|Feeling trapped behind your large dSLR? Maybe a MFT camera is in your future!|
First, lets start with some stats from the first 3.5 months of 2013:
Number of total images uploaded to Lightroom: 2717
Number of images made with a dSLR: 293 (average per day: 2.8)
Number of images made with m43: 2424 (average per day: 23)
Now, in all fairness, I haven't done much "work"- I've been so busy this year with my job I haven't taken on any paying gigs (one of the nice things about being a non professional photographer- I can choose when I want to shoot for other people). When I book some paying clients for later this spring or summer, I'll probably at least start off using the dSLRs- but I will definitely bring my m43 kit with me, and spend at least part of the shoots using it.
While I expect those total image numbers to keep getting farther apart (I anticipate upwards of 10:1 by the end of the year), my initial statement about moving into MFT isn't as crazy as it might seem- quite a bit of gear is system independent- things like lighting (minus TTL) & modifiers, bags, tripods, straps, etc. The main things that are system dependent are lenses (more on this in a bit) and batteries. So far, I've built a nice little MFT kit (and for quite a bit less than I paid for my dSLR "equivalents."
Here are some advantages of the MFT system compared to dSLRs:
- Bodies are considerably smaller and lighter (due to less physical components like a mirror)
- Shorter flange distance means smaller lenses- which also usually means less expensive.
- Nearly all lenses focus silently.
- Prime lenses are sharp from wide open. I love this. Having a lens that opens to f1.8 that I can't really use until f2.8 or 4 is frustrating!
- The smaller sensor size gives you a larger depth of field with similar f/stops, which helps keep more things in focus.
- Since all focusing is done with the sensor, auto focus works in both stills and video (at about the same speed), and front/back focusing is pretty much a non-issue.
- Nearly every lens made for every system that can be focused manually (including systems that are no longer made) are usable on a MFT body- with an adapter. These lenses have to be focused manually, but the camera still meters through the lens like normal- meaning you can let the camera adjust shutter speed and ISO, and use handy modes like aperture priority. This means that all my Canon lenses are completely useable on my MFT bodies (although a bit large!).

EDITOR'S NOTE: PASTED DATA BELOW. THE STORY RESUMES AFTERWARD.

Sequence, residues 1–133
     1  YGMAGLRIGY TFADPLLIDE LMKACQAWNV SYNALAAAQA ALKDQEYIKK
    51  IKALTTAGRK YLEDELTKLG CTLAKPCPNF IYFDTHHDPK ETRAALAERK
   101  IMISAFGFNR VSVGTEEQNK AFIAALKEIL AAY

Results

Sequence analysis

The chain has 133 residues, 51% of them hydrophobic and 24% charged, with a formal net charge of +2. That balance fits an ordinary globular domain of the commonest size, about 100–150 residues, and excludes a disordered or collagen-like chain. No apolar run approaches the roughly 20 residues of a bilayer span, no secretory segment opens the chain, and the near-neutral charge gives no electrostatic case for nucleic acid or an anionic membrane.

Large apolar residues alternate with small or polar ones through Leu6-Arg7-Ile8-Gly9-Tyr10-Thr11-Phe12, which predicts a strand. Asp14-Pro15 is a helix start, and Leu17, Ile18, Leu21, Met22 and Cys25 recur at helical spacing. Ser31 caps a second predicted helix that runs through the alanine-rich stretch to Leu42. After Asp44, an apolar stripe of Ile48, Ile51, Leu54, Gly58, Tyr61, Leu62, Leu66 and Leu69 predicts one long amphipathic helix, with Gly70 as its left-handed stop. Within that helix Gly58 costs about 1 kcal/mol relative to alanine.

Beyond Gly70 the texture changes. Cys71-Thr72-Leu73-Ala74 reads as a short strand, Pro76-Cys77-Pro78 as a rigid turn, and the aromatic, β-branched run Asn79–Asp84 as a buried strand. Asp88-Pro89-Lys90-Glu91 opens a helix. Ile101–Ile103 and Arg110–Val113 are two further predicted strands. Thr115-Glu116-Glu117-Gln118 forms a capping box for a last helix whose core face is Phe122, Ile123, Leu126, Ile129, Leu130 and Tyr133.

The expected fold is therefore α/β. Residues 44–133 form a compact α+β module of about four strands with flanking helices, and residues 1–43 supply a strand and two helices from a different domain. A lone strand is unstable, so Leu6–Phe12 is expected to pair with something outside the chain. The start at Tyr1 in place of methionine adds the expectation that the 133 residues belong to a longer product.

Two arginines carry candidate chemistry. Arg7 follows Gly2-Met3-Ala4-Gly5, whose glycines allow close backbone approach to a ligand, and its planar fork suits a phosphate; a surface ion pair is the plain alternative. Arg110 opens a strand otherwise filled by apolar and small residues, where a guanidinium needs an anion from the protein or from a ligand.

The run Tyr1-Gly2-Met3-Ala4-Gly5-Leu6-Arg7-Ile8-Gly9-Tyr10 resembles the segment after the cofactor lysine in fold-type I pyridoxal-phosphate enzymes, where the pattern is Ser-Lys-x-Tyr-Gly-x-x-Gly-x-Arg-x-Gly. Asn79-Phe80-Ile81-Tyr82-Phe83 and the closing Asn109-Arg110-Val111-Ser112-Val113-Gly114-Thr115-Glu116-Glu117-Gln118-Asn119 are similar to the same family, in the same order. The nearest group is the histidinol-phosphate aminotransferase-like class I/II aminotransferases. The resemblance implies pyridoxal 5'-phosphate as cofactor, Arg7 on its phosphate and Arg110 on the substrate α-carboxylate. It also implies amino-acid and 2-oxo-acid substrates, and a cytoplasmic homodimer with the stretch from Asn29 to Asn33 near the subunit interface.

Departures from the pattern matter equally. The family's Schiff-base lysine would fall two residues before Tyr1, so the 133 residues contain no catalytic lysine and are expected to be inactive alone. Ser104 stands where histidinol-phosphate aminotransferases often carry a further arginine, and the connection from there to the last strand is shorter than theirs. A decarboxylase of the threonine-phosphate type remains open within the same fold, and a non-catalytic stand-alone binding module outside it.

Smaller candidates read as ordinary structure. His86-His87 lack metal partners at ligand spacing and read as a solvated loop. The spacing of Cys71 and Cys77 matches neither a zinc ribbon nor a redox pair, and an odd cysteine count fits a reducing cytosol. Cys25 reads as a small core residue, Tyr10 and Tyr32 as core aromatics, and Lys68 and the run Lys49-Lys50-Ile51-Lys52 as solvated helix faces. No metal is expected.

- With a crop factor of 2x, manually adapted dSLR lenses have a much longer reach than when mounted on a dSLR.
- Because of the smaller sensor size, only the center portion of manually adapted lenses are used- which happens to be the best optical part of a lens.
- Chromatic aberration and lens distortion is for the most part taken care of in body- meaning both RAW and jpg files will be fairly clean.
And, some of the drawbacks of MFT system compared to dSLRs:
- While there are quite a few lenses out there, there are still way more available to dSLR owners.
- Depth of field is inherently larger- which means you can't "melt backgrounds" like you can on a dSLR- at least not at the same aperture.
- Phase detection focusing (dSLRs) is still superior to contrast focusing (MFT) for fast moving subjects.
- Some of the newer dSLRs have less noise at higher ISO values, but anything more than 2 generations old and it's not the case.
- Batteries wear out much faster- they are smaller, but also more things are drawing power in a MFT body- almost everything is digital, as opposed to the optical and mechanical components of a dSLR.
- For very wide angle shooting, dSLRs are still the best. There are more lens options, and there isn't as much of a crop factor (or none at all with full frame). The same goes with telephoto lenses. While many can be adapted to MFT (and they double in effective focal length), they are manual only.
- Much higher resolution, useful mainly to people to make extremely large prints.
For me, the advantages of the system far outweigh the drawbacks- and (at least for the time being) when I need the dSLR system, I can always pull it out! Another really nice thing about the small size is I can take my entire system in one bag, carry it all day, and not have any problems. I'm sure if I had a bag that fit my entire dSLR system in it, it certainly wouldn't be something anyone would want to tote for very long. And honestly, in the end- it sort of is all about the size. Getting the image quality I'm getting out of something far lighter and smaller means that I find myself carrying it around more. It is so much easier to use over an extended period of time, and since most of my images aren't shot on a tripod, that's a huge deal.
I'll end this post with some shots I've taken in the past few months with my MFT gear. Enjoy!
|The fast focusing as well as rear screen tilt enabled me to quickly get this shot|
|Nice separation from the background. Good lens + framing can give you plenty of blur!|
|Notice how almost all of their bodies are in focus, but the background is still separated- again a fairly easy thing to do with MFT.|
|I had to add this one- she's one beautiful girl!|